Within the next 24 hours, Facebook CEO Mark Zuckerberg will speak publicly about "rebuilding trust" amid allegations that data from more than 50 million Facebook users was misused by Cambridge Analytica, according to NBC News.
The social-networking giant disclosed late Friday that researchers from Cambridge Analytica, a UK-based data analytics firm affiliated with the Donald Trump presidential campaign, had duped the company to gain access to data through an app called "thisisyourdigitallife," which was used for political ads during the 2016 US presidential election.
While Facebook said in a statement that it had, there's been on Zuckerberg to testify before Congress and to explain why the company didn't tell the public that data had been used in violation of its terms of service when it found out in 2015. The hashtag "#WheresZuck" started appearing on Twitter in reference to Zuckerberg's lack of a public appearance or statement.
The Cambridge Analytica scandal is the latest in a series of online controversies involving the 2016 US presidential election. Twitter, Reddit, Facebook and other platforms appear to have been manipulated by automated bot programs and operatives working for the Russian government. The misinformation campaign is being investigated by the FBI and the US Senate.
The Trump campaign hired Cambridge Analytica, which helps political campaigns reach potential voters online, to run data operations during the 2016 election. The firm combines data from multiple sources to create "profiles" of users, then uses computer programs to predict voter behavior and try to influence voters with specialized ads.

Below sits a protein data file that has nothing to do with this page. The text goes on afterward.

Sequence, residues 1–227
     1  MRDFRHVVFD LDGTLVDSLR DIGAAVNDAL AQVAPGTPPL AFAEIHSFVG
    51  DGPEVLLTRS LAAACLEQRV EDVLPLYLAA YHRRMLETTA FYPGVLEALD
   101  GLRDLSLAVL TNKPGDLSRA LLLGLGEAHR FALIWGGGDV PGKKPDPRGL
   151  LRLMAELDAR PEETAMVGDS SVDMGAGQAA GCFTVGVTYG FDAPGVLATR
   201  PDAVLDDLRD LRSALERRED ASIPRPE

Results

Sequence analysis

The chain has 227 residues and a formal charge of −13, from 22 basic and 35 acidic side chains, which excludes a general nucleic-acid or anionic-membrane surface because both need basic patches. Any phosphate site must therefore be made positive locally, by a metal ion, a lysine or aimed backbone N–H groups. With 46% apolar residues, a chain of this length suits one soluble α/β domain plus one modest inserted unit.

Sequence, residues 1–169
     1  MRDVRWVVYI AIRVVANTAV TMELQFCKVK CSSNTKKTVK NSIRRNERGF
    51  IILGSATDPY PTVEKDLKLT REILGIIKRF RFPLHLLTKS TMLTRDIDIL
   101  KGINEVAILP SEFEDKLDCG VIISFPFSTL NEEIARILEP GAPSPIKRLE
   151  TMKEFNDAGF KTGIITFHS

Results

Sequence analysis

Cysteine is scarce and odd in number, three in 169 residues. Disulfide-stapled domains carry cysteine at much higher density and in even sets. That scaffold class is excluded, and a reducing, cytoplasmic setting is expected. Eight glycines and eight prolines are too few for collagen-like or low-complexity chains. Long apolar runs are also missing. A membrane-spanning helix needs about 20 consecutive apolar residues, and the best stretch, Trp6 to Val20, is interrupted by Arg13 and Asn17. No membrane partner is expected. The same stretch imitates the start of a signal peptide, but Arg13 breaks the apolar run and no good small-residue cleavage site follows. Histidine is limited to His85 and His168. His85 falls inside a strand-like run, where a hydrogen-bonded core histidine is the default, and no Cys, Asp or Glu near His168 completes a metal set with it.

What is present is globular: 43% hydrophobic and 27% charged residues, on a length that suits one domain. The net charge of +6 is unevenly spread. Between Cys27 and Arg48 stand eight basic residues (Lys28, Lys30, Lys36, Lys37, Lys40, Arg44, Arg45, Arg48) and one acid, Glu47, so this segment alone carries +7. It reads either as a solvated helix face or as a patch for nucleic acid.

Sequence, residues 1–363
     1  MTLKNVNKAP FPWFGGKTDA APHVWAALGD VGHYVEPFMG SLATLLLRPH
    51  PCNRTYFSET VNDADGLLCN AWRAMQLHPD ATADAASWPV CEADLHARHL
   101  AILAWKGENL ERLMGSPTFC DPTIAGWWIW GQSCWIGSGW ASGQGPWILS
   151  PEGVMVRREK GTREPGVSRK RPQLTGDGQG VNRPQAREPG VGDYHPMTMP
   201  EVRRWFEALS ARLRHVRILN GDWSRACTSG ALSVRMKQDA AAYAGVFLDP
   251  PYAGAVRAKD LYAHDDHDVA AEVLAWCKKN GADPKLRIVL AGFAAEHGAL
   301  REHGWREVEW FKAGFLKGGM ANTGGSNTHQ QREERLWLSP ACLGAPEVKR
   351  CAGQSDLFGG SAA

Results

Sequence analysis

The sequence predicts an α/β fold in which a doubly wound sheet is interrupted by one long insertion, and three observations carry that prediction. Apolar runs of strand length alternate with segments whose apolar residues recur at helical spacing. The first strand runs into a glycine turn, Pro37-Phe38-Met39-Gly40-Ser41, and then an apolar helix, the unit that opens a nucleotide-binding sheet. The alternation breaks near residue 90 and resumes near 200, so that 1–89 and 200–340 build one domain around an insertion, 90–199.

Cambridge Analytica released a statement Monday calling the claims against its company "false allegations."
US senators, including Minnesota Democrat Amy Klobuchar, Louisiana Republican John Kennedy and Virginia Democrat Mark Warner, have called for Zuckerberg to testify before Congress. The Federal Trade Commission is reportedly.
The European Union also launched an investigation into Cambridge Analytica and Facebook. Damian Collins, the chair of Parliament's Digital, Culture, Media and Sport Committee in the UK, sent a letter to Zuckerberg Tuesday requesting he appear to offer "oral evidence" on Facebook's handling of user data.
Facebook did not immediately respond to a request for comment.
First published March 21 at 7:54 a.m. PT.
Update, 8:49 a.m. PT: Adds background.
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